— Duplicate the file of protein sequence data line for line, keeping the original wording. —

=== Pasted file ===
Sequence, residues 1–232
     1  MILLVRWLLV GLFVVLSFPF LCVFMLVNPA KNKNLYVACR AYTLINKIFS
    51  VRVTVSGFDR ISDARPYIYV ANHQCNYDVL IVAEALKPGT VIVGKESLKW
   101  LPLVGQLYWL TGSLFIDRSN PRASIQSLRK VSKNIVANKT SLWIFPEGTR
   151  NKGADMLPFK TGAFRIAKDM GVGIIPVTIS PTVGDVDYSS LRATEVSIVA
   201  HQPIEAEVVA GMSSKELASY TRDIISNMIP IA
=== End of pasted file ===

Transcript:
Sequence, residues 1–232
     1  MILLVRWLLV GLFVVLSFPF LCVFMLVNPA KNKNLYVACR AYTLINKIFS
    51  VRVTVSGFDR ISDARPYIYV ANHQCNYDVL IVAEALKPGT VIVGKESLKW
   101  LPLVGQLYWL TGSLFIDRSN PRASIQSLRK VSKNIVANKT SLWIFPEGTR
   151  NKGADMLPFK TGAFRIAKDM GVGIIPVTIS PTVGDVDYSS LRATEVSIVA
   201  HQPIEAEVVA GMSSKELASY TRDIISNMIP IA